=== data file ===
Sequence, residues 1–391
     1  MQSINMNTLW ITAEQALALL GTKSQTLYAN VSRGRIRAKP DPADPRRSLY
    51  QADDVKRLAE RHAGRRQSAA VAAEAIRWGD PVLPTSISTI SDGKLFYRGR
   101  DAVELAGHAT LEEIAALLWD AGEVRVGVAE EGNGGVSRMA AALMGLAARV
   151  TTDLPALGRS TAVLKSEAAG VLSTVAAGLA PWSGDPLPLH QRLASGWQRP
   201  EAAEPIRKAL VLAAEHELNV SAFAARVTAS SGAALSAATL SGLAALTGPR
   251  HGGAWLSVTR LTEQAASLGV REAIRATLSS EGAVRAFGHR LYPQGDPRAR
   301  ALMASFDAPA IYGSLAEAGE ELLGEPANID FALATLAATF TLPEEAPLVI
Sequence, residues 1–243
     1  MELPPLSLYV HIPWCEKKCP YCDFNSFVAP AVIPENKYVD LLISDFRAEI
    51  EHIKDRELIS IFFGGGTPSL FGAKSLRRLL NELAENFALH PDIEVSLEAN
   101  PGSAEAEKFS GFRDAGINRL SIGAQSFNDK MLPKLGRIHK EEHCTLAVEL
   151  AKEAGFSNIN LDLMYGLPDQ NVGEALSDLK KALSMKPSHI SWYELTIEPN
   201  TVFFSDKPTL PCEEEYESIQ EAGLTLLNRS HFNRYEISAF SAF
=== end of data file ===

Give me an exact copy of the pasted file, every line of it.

Sequence, residues 1–391
     1  MQSINMNTLW ITAEQALALL GTKSQTLYAN VSRGRIRAKP DPADPRRSLY
    51  QADDVKRLAE RHAGRRQSAA VAAEAIRWGD PVLPTSISTI SDGKLFYRGR
   101  DAVELAGHAT LEEIAALLWD AGEVRVGVAE EGNGGVSRMA AALMGLAARV
   151  TTDLPALGRS TAVLKSEAAG VLSTVAAGLA PWSGDPLPLH QRLASGWQRP
   201  EAAEPIRKAL VLAAEHELNV SAFAARVTAS SGAALSAATL SGLAALTGPR
   251  HGGAWLSVTR LTEQAASLGV REAIRATLSS EGAVRAFGHR LYPQGDPRAR
   301  ALMASFDAPA IYGSLAEAGE ELLGEPANID FALATLAATF TLPEEAPLVI
Sequence, residues 1–243
     1  MELPPLSLYV HIPWCEKKCP YCDFNSFVAP AVIPENKYVD LLISDFRAEI
    51  EHIKDRELIS IFFGGGTPSL FGAKSLRRLL NELAENFALH PDIEVSLEAN
   101  PGSAEAEKFS GFRDAGINRL SIGAQSFNDK MLPKLGRIHK EEHCTLAVEL
   151  AKEAGFSNIN LDLMYGLPDQ NVGEALSDLK KALSMKPSHI SWYELTIEPN
   201  TVFFSDKPTL PCEEEYESIQ EAGLTLLNRS HFNRYEISAF SAF